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Custom queuing, or CQ, responds to the shortcomings of PQ by guaranteeing that every queue gets some kind of minimum amount of bandwidth. The idea is to avoid queue starvation; queues need to eat, and bandwidth is their food. CQ provides 16 queues you can tweak, plus a system queue that’s always there and hidden, which is a tweak-free zone. The downside of this approach is that no one queue can be used as a low-latency queue. In PQ, the “high” queue was implicitly low-latency; it ruled the roost, starving all competing queues of bandwidth, giving traffic that flowed through it phenomenal service. In CQ, no queue can starve everyone else out because everyone has to share, thus making CQ a poor queuing tool if you have some traffic that you need to make sure is always going to get where its going in a timely, low-latency fashion (like voice).
The queues in CQ are not prioritized. Rather, each queue is assigned a implied percentage of bandwidth. CQ queues are technically assigned a byte counts that will be serviced each time the CQ scheduler comes by; do the math to determine what percentage of bandwidth this would take during a time of congestion. The CQ scheduler services each queue round-robin. If there’s a packet in a queue, CQ will continue forwarding packets from the queue until the bytes transmitted from that queue meet or exceed the allotted byte count, or the queue is emptied. Then CQ moves on to the next queue.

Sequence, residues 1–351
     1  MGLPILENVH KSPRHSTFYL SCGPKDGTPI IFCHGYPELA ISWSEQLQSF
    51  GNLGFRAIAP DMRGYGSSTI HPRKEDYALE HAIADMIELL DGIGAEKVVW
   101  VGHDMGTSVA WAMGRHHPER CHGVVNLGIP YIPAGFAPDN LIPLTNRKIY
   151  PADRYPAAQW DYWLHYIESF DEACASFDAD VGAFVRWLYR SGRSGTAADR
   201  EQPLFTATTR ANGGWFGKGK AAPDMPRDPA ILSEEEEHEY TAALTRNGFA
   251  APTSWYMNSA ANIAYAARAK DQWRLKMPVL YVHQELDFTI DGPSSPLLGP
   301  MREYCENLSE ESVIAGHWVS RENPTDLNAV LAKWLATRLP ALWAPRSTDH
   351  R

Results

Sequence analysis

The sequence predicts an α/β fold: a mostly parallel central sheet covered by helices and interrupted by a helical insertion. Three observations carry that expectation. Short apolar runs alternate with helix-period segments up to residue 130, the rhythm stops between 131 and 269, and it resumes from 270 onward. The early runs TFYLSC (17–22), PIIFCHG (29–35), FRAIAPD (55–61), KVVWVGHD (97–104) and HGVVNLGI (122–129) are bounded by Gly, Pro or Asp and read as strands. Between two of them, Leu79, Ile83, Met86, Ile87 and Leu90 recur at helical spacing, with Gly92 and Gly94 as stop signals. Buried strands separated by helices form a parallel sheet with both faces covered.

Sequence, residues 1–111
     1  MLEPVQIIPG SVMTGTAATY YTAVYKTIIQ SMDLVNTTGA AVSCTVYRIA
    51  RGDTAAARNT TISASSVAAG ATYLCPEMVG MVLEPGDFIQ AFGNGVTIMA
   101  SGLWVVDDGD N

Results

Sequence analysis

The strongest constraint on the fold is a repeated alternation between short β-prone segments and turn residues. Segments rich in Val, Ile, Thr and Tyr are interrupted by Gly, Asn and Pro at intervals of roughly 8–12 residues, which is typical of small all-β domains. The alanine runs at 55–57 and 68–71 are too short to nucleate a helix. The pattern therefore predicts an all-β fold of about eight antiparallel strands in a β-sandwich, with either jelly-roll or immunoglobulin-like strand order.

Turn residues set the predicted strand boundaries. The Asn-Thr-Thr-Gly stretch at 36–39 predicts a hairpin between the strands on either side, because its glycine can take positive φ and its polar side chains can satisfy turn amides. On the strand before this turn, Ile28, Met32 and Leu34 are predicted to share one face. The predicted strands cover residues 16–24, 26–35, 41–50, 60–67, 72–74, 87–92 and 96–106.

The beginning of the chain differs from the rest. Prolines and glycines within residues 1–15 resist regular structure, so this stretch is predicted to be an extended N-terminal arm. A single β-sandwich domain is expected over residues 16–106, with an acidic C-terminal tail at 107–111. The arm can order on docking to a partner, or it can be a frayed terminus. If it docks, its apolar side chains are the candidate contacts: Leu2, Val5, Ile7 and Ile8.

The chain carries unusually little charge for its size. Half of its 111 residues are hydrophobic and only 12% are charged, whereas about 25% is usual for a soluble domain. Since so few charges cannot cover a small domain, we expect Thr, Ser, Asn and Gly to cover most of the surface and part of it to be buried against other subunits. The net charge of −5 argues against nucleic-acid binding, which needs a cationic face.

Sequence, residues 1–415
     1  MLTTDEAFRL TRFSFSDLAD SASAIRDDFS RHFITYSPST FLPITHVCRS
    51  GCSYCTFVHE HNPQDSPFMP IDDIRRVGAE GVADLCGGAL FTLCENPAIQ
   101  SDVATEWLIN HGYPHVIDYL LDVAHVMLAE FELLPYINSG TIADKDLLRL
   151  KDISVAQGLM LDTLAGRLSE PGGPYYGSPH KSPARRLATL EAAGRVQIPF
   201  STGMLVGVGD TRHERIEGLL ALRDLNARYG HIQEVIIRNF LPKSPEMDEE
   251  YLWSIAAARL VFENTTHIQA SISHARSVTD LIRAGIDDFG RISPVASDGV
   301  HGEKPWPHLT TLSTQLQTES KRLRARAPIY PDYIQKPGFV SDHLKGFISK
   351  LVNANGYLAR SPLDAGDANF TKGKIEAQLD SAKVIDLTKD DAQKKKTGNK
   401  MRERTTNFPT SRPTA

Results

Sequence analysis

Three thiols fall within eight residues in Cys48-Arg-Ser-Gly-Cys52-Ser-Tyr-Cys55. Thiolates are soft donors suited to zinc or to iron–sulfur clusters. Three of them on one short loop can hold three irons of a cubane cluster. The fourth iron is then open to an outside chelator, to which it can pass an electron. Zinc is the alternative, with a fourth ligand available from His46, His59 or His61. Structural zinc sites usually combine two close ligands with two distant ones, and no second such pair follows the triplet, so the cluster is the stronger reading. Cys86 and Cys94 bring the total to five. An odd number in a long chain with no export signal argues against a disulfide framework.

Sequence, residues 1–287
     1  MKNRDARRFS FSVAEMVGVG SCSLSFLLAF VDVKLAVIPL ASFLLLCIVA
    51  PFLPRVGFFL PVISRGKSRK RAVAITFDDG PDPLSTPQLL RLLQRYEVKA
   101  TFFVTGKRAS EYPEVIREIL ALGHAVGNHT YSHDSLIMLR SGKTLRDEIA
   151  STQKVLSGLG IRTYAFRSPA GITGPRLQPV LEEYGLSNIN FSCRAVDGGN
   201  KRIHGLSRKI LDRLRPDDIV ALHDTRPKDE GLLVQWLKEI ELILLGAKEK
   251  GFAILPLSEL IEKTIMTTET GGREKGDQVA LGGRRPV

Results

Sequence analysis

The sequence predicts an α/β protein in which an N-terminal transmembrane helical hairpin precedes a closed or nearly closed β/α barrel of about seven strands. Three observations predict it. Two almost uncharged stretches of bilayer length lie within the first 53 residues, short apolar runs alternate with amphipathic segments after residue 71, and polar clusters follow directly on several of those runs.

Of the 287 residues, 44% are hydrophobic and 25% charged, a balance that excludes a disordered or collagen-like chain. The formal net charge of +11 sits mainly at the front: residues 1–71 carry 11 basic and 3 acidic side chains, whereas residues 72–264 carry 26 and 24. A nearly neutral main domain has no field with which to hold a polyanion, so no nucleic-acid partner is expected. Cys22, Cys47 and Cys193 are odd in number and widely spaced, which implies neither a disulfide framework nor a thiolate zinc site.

CQ queue lengths are all 20 by default, since philosophically, no one queue is better than the next. Tail-drop is also used here (CQ will drop a packet if it tries to put the packet in a queue, and the queue is full).
Ethan Banks writes & podcasts about IT, new media, and personal tech.
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